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The arrival of autumn
Words from May Swenson, Louise Glück, and Sonia Sanchez
I went to sleep in the summer
I dreamed of rain
in the morning the fields were wet
and it was autumn
–Linda Pastan, September
The beginning of autumn, like waking from a dream. It does feel like that.
The shift is obvious now, the colour in the trees can no longer be misconstrued as a trick of the eye. Suddenly everything is tawny, hammered gold1, ochre and fire2, bodily and true. From May Swenson’s October:
It is fall: warm milk of light, though from an aging breast.
In Swenson’s poem the changing trees comprise a smudge for the horizon. She observes the simple fact of the wet tousled yellow leaves, thick on the slate terrace, the knuckles of the rain on the roof. In October, the sky’s gray face is bedraggled by its tears. The poem ends with the image of “a red leaf riding the slow flow of gray water.”
As Louise Glück wrote, in autumn “waste is elevated into beauty”.
Where summer cloaks certain violences, autumn exposes them.
In the summer, the sunlight is honeyed, the leaves emerald. Blossoms adorn the earth and we adorn the page with sentences that will eulogize them, do them justice, keep them in season forever. Come autumn the landscape morphs and the language we use to describe it morphs also.
“Birds for leaves, and leaves for birds,” writes Ada Limón in her poem, It’s the Season I Often Mistake:
And today, just when I
could not stand myself any longer,
a group of field sparrows, that were
actually field sparrows, flew up into
the bare branches of the hackberry
and I almost collapsed: leaves
reattaching themselves to the tree
like a strong spell for reversal.
The land and the light become a mirror. The season disrobes itself, unabashed in its state of undress.
The light has changed;
middle C is tuned darker now.
And the songs of morning sound over-rehearsed.
This is the light of autumn, not the light of spring.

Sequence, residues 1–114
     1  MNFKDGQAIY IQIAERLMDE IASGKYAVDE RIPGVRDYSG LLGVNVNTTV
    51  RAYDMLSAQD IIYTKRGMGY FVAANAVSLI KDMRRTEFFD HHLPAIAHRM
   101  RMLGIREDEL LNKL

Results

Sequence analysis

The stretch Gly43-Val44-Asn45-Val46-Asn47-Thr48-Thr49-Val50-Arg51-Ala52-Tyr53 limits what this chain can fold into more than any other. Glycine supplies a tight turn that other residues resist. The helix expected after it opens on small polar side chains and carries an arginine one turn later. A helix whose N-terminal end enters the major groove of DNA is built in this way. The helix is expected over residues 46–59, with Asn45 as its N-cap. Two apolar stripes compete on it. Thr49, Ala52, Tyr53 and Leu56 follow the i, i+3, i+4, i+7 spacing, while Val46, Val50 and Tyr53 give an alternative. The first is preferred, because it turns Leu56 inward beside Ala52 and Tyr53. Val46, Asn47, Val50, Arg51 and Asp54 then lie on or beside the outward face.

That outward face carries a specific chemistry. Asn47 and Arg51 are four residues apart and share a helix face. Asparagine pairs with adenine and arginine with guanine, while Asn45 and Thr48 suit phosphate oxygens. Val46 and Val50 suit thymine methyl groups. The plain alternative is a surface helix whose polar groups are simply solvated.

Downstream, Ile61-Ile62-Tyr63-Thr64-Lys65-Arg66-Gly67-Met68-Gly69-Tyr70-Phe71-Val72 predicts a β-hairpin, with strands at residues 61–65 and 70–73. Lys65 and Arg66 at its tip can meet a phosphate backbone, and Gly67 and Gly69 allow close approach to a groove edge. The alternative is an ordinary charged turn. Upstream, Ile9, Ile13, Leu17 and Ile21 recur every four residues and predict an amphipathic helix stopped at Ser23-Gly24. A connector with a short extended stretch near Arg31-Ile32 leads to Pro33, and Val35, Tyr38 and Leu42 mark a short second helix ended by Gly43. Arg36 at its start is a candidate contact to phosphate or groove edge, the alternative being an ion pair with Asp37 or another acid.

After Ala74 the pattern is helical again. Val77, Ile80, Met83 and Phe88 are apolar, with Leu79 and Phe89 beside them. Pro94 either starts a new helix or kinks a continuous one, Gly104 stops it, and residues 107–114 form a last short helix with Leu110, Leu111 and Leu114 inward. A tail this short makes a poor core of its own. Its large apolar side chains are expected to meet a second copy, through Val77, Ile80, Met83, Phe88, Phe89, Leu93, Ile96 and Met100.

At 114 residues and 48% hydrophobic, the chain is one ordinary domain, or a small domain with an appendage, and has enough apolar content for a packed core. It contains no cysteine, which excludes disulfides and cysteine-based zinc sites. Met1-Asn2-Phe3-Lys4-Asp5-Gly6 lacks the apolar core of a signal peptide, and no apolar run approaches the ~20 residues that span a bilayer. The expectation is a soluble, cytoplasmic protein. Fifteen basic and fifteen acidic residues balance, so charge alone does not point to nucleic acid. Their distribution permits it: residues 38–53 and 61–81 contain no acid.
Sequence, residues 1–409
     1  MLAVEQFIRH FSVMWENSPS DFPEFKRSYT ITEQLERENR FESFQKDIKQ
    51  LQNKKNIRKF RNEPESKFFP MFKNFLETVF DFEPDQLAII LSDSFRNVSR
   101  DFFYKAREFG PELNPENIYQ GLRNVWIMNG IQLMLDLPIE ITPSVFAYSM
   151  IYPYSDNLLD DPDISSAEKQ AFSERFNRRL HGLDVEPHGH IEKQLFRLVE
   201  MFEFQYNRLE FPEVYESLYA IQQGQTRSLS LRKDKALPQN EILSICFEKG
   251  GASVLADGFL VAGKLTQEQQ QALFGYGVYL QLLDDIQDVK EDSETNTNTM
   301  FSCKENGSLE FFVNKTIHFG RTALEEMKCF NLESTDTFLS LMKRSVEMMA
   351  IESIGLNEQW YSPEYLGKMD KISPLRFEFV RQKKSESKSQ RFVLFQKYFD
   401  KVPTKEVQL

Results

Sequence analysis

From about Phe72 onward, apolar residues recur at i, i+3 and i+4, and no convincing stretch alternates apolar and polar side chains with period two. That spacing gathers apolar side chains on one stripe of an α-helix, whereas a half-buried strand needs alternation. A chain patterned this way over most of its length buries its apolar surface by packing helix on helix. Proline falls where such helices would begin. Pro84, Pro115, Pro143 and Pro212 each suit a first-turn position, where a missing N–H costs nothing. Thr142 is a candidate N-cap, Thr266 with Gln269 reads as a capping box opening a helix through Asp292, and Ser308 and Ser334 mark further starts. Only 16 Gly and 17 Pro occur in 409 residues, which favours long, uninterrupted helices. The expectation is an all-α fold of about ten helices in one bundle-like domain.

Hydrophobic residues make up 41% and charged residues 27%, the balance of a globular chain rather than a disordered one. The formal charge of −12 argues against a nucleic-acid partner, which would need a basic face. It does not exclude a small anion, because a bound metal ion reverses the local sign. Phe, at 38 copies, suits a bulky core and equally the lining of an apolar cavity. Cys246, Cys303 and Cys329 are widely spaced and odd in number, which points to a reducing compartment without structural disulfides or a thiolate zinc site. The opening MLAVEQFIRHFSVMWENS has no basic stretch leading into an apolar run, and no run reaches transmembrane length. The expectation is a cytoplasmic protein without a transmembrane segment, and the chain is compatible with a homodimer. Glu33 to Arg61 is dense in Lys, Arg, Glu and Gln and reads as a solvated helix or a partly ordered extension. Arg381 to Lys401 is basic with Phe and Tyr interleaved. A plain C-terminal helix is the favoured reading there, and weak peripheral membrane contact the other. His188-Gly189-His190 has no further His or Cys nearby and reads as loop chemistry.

The light of autumn: you will not be spared. 3
In Anna de Noailles’ poem L’automne, “The leaves in the wind run like crazy / They would like to go where the birds fly”. Czeslaw Milosz speaks of the “great silence” of his favourite month (“A clear-yellow leaf here and there on birches”). Anne Sexton wrote “…the thing with October is, I think, it somehow gets in your very blood. Unapologetically. Almost ruthlessly.”
I was out walking one afternoon recently. The sun was muted behind a web of pewter sky. Sunflowers stood hunched like stone gargoyles, decrepit after a season of beauty. A few redheaded trees, amongst a group of honeylocust, were losing their leaves. It was early evening. I wasn’t alone; I was with my partner. And yet, I became dosed with dread: I could not only hear the steps of someone behind me, but I could feel the weight of them advancing, on my heels—the phantom horror of being a child in a basement and believing some unseen force is chasing you up the stairs.
I spun around. No one was there.
The freshly fallen leaves skittered behind me, innocent and excitable as puppies. How is that possible? I felt the eyes on the back of my head, the impending doom of being hunted. Even on a sunny afternoon, not alone, I felt unnerved - convinced - that something was there.
Sexton was right - October. Unapologetically, ruthlessly. In the blood.
I think of autumn, also, as a season of comfort and mystery. As the weather turns, we retreat indoors, to our secret spaces. There is a tone and taste to these days.
From Sonia Sanchez:
autumn. a bonfire
of leaves. morning peels us toward
and in the evening I bring
you soup cooled my laughter.
I recently read about Emma Dupree, a herbalist from Eastern North Carolina. She had a “garden-grown pharmacy” which included sassafras, white mint, double tansy, rabbit tobacco, catnip, horseradish, silkweed and other plants which she made tonics, teas, and salves from. These were cultivated in her backyard, on the banks of the Tar River.4 I keep returning to an image of Dupree, quietly content, focused, arms full of goldenrod (also known as Solidago whose name means to make whole), quite obviously in her element. October, of course, is traditionally a time of harvest, of admiring the natural beauty of the land. The image serves as a reminder to slow down, to spend time close to the earth, to continue to learn and explore. What will we create behind closed doors in these autumn months? What will we gather and take into winter?
In honour of Louise Glück, who passed away last week, I’ll leave you with these words from her poem Autumnal:
In the end, everything is bare.
Above the cold, receptive earth
the trees bend. Beyond,
the lake shines, placid, giving back
the established blue of heaven.
Louise Glück, October, from Averno
Louise Glück, October, from Averno